South Africa has amazing national parks and private reserves where you can see animals in their natural habitat. Here are sights from two: the Aquila Private Game Reserve about a two-hour drive from Cape Town and the more remote and wild Welgevonden Private Game Reserve in the Limpopo Province of South Africa.
Across South Africa there are literally thousands of safari’s and game reserves that range in size from the massive Kruger National Park which is bigger than the country of Ireland, to locations that cover just a few acres.
At most you’ll get the chance to see the “big five”(rhino, lion, elephant, water buffalo, leopard), but generally speaking there are two types of reserves/parks to see South Africa’s game: almost wild --where animals are protected, monitored, and sometimes fed -- and pure wild, where there is no human intervention.
Known as “a world in one country”, South Africa boasts a huge collection of wildlife regions, reserves and animals. Every possible landscape and topography can be found from forests, to deserts, marshlands, mountains and coastlines. The wild and pure wild parks are both public and private, and host 299 mammal species, of which 13 are endangered, and 15 are considered vulnerable. Wildlife also includes all sorts of birds, amphibians, reptiles, flora, fauna and insects, as the country and its parks host just about every possible wildlife encounter imaginable.
With all this in mind, you just can’t go wrong with a safari adventure, no matter which one you choose.
First we’ll start with the almost wild version at the 18,000 acre Aquila Private Game Reserve about a two-hour drive from Cape Town. While some call this type of safari a “glorified zoo”, I would have to say that it’s still a great beginning for people who might be a little uneasy about wild animals, or just want to get an introduction to a wild safari; it’s also great for kids.
Aquila does have the big five and the setting amongst dramatic mountains in the Southern Karoo Highlands is spectacular. The lodges sit just outside electrified fences that keep the animals close, but not in your bungalow. In fact, my first morning I awoke to elephants and wildebeest just outside the window and across a nearby marshland. The site was truly stunning and just a few moments later we were inside the Land Rover and headed inside the fence to see these animals up close.
The positive of Aquila is that you see everything. All the animals are together, except the lions which are kept in a separate open area because the range just isn’t big enough to sustain them with all of the other animals. From elephants, to springbok to rhinos, we had the chance to see amazing wildlife. Even the water buffalo that eventually blocked our path. These animals hunt the majority of their own food, but get supplements from humans since it would be impossible for all them all to coexist even on a reserve of this size and many not be indigenous to the region.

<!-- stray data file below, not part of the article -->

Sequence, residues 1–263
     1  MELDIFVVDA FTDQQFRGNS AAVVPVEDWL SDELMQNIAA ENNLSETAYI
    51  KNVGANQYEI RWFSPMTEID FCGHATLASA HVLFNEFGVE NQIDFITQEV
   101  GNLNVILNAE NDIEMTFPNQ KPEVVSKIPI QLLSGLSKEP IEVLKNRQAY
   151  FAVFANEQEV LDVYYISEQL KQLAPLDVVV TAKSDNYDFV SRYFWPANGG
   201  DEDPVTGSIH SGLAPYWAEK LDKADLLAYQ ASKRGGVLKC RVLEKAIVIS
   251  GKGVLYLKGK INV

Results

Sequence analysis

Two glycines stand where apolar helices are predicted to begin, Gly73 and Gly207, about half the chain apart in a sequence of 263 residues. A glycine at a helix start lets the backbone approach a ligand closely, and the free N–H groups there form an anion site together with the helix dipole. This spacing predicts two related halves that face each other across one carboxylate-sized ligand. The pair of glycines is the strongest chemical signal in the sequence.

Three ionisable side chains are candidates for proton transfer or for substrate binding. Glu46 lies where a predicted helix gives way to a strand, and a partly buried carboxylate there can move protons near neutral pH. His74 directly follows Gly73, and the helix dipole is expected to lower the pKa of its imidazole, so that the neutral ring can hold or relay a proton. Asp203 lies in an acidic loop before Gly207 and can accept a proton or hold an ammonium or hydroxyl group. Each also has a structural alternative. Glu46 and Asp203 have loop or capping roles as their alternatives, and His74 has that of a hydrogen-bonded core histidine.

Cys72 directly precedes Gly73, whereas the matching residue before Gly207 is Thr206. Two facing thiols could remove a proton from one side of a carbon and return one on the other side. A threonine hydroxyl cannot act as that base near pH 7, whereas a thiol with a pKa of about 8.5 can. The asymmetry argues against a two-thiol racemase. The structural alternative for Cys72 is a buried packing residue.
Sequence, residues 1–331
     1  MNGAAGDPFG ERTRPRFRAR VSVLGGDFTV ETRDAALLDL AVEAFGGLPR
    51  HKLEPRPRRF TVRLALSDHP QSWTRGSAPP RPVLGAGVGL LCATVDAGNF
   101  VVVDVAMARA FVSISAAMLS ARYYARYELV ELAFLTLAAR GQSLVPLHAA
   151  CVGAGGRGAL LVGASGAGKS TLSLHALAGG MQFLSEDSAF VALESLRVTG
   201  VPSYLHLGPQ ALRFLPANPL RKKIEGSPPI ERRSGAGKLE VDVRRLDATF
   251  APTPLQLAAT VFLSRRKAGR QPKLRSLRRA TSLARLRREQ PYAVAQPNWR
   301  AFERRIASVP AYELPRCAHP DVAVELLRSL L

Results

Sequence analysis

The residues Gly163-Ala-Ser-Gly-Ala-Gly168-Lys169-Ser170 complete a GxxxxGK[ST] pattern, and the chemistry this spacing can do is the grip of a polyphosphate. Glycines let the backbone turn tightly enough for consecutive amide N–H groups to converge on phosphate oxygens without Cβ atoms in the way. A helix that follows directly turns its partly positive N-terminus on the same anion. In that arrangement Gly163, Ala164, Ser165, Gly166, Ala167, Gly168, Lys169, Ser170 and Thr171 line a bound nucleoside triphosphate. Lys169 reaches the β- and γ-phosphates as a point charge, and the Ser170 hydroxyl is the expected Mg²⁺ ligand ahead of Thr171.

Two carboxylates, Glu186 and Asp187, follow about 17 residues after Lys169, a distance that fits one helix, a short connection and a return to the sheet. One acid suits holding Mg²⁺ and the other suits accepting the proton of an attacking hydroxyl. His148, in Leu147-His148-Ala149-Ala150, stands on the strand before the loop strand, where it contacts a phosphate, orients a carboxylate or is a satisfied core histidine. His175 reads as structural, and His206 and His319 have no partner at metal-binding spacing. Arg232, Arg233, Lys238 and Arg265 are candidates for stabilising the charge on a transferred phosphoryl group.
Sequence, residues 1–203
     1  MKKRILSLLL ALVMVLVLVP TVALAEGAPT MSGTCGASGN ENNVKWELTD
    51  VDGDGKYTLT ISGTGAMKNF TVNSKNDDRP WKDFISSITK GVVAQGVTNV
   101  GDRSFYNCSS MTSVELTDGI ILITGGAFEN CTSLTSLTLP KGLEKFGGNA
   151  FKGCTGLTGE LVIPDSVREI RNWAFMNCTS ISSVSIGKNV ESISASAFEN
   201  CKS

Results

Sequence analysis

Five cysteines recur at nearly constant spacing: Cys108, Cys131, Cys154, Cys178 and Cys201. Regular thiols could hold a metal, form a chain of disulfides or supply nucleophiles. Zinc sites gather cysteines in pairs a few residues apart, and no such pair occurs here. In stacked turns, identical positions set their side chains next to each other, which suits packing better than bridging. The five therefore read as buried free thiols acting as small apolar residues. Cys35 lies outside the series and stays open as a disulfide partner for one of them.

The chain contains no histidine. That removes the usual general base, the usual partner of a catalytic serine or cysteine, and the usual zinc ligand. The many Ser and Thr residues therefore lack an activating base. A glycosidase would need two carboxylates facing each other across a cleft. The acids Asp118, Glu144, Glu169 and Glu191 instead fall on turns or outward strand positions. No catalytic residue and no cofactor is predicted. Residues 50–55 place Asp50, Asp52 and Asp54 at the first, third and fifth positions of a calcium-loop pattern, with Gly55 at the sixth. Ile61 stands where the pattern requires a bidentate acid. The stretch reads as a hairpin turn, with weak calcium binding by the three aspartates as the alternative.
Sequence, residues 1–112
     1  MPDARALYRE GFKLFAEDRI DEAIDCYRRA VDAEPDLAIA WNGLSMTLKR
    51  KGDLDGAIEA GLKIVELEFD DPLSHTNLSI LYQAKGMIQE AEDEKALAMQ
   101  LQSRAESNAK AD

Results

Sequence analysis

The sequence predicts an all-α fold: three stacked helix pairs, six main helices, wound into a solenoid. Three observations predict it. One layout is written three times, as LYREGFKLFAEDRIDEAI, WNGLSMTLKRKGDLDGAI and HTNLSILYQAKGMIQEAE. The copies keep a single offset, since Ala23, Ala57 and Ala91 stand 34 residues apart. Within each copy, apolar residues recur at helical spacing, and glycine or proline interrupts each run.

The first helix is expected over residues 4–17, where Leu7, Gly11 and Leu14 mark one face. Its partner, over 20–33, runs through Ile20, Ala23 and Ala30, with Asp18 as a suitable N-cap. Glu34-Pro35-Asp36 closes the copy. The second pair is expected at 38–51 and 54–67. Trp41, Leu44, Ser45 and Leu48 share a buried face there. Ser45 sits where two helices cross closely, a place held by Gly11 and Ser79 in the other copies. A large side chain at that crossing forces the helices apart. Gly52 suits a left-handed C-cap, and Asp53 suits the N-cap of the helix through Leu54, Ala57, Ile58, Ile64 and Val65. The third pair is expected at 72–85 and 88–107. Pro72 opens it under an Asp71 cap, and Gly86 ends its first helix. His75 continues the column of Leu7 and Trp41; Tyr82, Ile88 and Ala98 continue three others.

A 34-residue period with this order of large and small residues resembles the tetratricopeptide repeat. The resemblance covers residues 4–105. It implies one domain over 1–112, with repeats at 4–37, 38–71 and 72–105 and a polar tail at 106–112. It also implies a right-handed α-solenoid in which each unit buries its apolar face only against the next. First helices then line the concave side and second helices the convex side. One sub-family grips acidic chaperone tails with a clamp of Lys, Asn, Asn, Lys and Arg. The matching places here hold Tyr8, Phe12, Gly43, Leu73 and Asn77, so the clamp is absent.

Don’t get me wrong, the reserve seems quite large to you and I, but still not massive enough for all wildlife involved.
That’s where some of the criticism might come if you are someone ready for the bush, or have been on a wild game drive before. Again, this is a great place to see the animals up close and get an introduction, or reintroduced to this amazing wildlife, but also at times it can seem as if all of us have been brought inside unnaturally together. That doesn’t mean Aquila is a bad trip, just a more relaxed and easy version of an African safari. Basically one big fence and all of us end up inside looking at each other. It makes for some great photographs and some memorable moments that you wont find stateside.
Aquila also boasts an impressive animal rescue and rehabilitation program, which absolutely makes sense in the way that the reserve is set up. These wild animals are just that, but some wouldn’t be able to survive in a truly open wild situation. On a trip here you’ll see lions, elephants, hippos, zebras, ostriches and the experience of almost wild should still welcome a considerable number of visitors. The guides are knowledgeable and the staff more than welcoming.
As for the accommodations, they were nice, clean and rustic...but still 4 around star quality. The food wasn’t too exotic, but still had a bit of African flair. Like the wild animals, just a few short yards away, the stay here is great for a beginner, kids, elderly, or someone just looking to get away from the Cape and see more of Africa’s impressive fare. You really aren’t going to get the true wild experience in the south of the country anyway: that’s comes hours north.